Summary: Get A New Heart! 1) A heart that recognizes its own sinfulness 2) A heart that treasures God’s forgiveness

With it beating an average of 100,000 times a day it’s surprising that the heart doesn’t give out more often than it does. After all, have you ever heard of a car engine that ran 24 hours a day, 7 days a week for 70 years without the need of a tune-up? Still, there are times when the human heart goes bad from lack of exercise, failure to eat right, or bad genetics. In some cases the heart may be so damaged that a new one is needed.

How is your heart feeling this morning? Is it beating with strong regular intervals, delivering an adequate supply of oxygen throughout your body? Even if you haven’t had so much as a heart flutter, God tells us this morning that we all need a new heart. Of course he’s not talking about this thing beating inside of us, he’s talking about an attitude. God wants us each to have a heart, an attitude, that recognizes its own sinfulness and treasures God’s forgiveness. If we don’t have such a heart we are to get one because it’s a matter of eternal life or death.

Although they didn’t know it, the people of Ezekiel’s day were badly in need of such a heart transplant. Ezekiel lived through the second sack and deportation of Jerusalem and was among those carried off to Babylon. He had the task of telling the Jewish exiles that Jerusalem and the temple would be completely destroyed because of their sins.

The people, however, weren’t willing to admit that their sin had brought this judgment. Instead of repenting they quoted the following proverb: “The fathers eat sour grapes, and the children’s teeth are set on edge” (Ezekiel 18:2). What the exiles were saying is that since it was their fathers who had eaten the sour grapes, why should they, the children be left with the bad aftertaste? In other words why should they be punished for sins their fathers were guilty of?

Now it was true that their fathers had been guilty of thoroughly turning away from the Lord. Forty years earlier, King Manasseh had led the people to commit more sins than the Canaanites before them (2 Chronicles 33:9). He not only sacrificed his own children to idols but also filled the Lord’s temple with foreign gods and killed God’s prophets. Tradition says that Manasseh even had the prophet Isaiah sawed in two (2 Chronicles 33)! In contrast to their fathers, hadn’t they, the people of Ezekiel’s day, returned to the Lord under King Josiah? Hadn’t they started celebrating the Passover again and faithfully offered their sacrifices? How could Ezekiel claim that it was their sin and not their fathers’ that had brought about this calamity?

Yes, King Josiah had brought about a reformation destroying the idols his grandfather Manasseh had made, but unfortunately this was a superficial reform for not everyone appreciated what Josiah did (2 Chronicles 36). While the people of Ezekiel’s day may not have been sacrificing their children to the idol Molech, they were guilty of bringing their sacrifices to God out of a sense of duty, not love and thankfulness, and their weekday lives didn’t match their weekend worship. They cheated on their spouse, they harbored grudges against their neighbours, and they lied to get things done. No, the people of Ezekiel’s day were not without guilt and the worst part of it was they didn’t recognize it and blamed others for the hardship that they had brought upon themselves.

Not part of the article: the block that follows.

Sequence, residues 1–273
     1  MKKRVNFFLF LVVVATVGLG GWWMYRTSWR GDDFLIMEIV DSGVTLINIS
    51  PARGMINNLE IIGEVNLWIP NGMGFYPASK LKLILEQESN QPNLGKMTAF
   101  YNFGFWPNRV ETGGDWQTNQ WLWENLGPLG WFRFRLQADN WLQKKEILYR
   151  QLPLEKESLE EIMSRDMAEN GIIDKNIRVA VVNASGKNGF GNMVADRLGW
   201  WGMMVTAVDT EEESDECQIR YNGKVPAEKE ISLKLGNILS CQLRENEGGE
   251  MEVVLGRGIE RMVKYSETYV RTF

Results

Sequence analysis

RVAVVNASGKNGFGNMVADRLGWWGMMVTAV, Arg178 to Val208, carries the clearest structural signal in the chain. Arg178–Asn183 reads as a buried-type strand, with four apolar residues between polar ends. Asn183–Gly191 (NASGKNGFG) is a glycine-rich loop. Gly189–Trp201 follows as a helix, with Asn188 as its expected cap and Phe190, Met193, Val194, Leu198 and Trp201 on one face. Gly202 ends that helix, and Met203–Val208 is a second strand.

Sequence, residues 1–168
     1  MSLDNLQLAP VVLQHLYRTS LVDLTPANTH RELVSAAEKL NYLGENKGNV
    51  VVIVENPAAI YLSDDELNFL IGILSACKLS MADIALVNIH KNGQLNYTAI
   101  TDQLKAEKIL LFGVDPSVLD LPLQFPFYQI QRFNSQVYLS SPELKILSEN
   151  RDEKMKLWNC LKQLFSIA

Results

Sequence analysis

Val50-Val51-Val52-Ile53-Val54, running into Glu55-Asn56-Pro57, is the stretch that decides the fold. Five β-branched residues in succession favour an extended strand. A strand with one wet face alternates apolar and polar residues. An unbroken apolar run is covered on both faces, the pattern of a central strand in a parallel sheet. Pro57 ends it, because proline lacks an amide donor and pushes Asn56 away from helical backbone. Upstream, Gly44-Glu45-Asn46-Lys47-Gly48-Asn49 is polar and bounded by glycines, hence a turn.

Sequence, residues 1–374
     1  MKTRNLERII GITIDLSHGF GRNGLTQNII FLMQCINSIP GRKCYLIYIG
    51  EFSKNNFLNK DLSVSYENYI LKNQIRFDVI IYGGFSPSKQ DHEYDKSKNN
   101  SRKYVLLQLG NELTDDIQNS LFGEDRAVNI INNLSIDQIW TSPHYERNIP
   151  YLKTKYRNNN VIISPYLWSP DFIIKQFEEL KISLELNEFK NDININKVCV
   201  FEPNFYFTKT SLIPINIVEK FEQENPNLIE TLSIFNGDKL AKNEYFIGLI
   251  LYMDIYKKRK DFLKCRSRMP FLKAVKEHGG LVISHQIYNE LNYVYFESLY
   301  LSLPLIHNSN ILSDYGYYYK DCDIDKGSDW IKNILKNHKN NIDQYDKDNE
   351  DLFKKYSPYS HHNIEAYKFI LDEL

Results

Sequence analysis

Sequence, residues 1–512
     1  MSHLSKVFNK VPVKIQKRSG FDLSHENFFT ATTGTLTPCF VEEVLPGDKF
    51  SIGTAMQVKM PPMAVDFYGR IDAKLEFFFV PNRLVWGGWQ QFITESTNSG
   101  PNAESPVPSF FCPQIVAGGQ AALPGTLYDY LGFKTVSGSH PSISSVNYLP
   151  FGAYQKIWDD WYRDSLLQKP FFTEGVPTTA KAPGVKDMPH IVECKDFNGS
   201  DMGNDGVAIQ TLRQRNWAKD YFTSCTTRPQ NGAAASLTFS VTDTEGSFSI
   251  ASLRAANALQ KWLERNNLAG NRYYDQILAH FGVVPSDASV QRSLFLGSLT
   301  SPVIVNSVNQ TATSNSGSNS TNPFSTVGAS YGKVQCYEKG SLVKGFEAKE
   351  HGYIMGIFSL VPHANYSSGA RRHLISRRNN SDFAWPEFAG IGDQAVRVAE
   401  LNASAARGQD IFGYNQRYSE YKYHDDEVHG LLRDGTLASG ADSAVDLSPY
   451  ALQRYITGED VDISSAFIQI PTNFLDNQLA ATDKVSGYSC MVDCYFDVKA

The sad thing is that our heart is not any better. By nature we like to minimize our own guilt and blame others for our sins. Children are good at this. “But he hit me!” “So, she started it!” The sad thing is that, as they get older, children only get better at using their old heart until, as adults, they say things like, “I wouldn’t have lost my patience if she wouldn’t have been so rude!” Or “I wouldn’t dislike him so much if he wasn’t so arrogant!”

Brothers and sisters, we are all born with this old heart that doesn’t want to take responsibility for sin, and that’s dangerous. No, it’s more than dangerous; it’s downright damnable for God said in our text: “The soul who sins is the one who will die” (Ezekiel 18:4). God doesn’t care if it was your brother’s teasing that made you so mad that you hit him. He doesn’t care if it’s your co-worker’s lack of social grace that makes you fume every time you have to work with him. He doesn’t care if it was the clerk’s rudeness that caused you to lose your patience. He simply says that if you react in a sinful way then you deserve to die.

Just what kind of death are we talking about here? It’s more than physical death for God said that the soul who sins is the one who will die. We know from the Bible that souls do not die like bodies do, therefore when God talks about the soul dying he’s talking about eternal punishment in hell.

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